Where the heirs of the Reformation were consumed by the question of what was a Christian, we can now attend to who is a Christian. It is increasingly baptism that should carry the weight of depicting the “who” of being a Christian. Radner ended with a call for mutually recognized baptism to be the hallmark of this new catholicity in the Church.
John Rempel, one of the initiators and an official respondent of this lecture, suggested that free church resistance to recognizing infant baptism would largely be overcome if all churches ended indiscriminate baptism.
The lecture was presented to a full house, suggesting that its question is a live one.
Campbell, Laura, Michael Dawson and Catherine Gidney, eds. Worth Fighting For: Canada’s Tradition of War Resistance from 1812 to the War on Terror. Between the Lines, March 20, 2015.
Worth Fighting For is a collection on Canadian war resistance. It includes a chapter by TMTC Fellow and Alumus, Jonathan Seiling titled, “Scruples of Conscience’ and the Historic Peace Churches in the War of 1812” and a chapter by TMTC Alumus, Conrad Stoetz titled, “‘This thing is in our blood for 400 years’: Conscientious Objection in Canadian Historic Peace Churches During the Second World War”. For more information about the book visit the webpage: https://btlbooks.com/book/worth-fighting-for
Upcoming Course with John Rempel
TS Seminars, 690 Section 2, Baptism: Ecumenical Perspectives
“Baptism: Can the Historic Divide Be Overcome?”
Spring Intensive Course, May 19-29, 2015, 8:30 am -12:00 pm
Conrad Grebel University College
John Rempel, Toronto Mennonite Theological Centre, Professor
Course description: The church of Christ can’t agree whether infants can be baptized or only those who confess a personal faith. The biggest reason for this is that each side has a different view of the church. Through recent dialogues Lutherans, Catholics, and Mennonites are learning to trust one another. The goal of this course is for the class to enter the dynamic of these dialogues, to listen deeply, and to criticize honestly. A Catholic and a Lutheran guest will help us do this. We will probe these encounters from a Mennonite understanding of the NT and tradition and especially address the question of accepting believers from infant baptism denominations.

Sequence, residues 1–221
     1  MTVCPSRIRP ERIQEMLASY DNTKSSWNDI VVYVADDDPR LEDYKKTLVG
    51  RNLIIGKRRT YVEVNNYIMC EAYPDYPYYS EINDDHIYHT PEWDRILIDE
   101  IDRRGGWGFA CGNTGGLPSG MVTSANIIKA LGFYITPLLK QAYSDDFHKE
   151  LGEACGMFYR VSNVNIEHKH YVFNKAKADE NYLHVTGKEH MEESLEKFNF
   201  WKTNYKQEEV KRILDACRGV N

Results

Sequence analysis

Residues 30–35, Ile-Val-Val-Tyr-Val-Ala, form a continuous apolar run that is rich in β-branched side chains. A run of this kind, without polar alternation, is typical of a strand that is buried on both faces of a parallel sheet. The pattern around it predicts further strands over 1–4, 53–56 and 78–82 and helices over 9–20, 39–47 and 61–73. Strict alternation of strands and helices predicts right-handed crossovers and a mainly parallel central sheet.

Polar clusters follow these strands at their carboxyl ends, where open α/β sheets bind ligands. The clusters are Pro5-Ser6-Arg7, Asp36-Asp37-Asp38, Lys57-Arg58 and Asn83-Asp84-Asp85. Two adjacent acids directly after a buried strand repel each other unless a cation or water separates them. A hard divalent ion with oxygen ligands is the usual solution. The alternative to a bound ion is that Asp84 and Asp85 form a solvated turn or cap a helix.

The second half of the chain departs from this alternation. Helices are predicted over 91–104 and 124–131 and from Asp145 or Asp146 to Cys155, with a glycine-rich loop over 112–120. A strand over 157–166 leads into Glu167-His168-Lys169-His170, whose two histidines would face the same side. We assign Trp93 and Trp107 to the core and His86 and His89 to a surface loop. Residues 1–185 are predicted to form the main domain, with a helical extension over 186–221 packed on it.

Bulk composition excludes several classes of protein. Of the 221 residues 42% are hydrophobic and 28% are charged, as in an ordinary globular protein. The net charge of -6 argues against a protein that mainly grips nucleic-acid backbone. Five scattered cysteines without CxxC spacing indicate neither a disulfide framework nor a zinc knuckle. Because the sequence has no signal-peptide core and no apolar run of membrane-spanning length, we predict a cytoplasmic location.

Students Currently Associating with TMTC
- Michael Buttrey, Comprehensive Exam Stage – Regis College
- Isaac Friesen, Coursework Stage – University of Toronto
- Layton Friesen, Thesis Proposal Stage – Wycliffe College
- Susie Guenther Loewen, Thesis Stage – Emmanuel College
- Susan Kennel Harrison, Thesis Stage – Emmanuel College
- Ryan Klassen, Thesis Stage – Wycliffe College
- Andy Martin, Thesis Proposal Stage – Regis College
- Allison Murray, Coursework Stage – Emmanuel College
- Kim Penner, Thesis Proposal Stage – Emmanuel College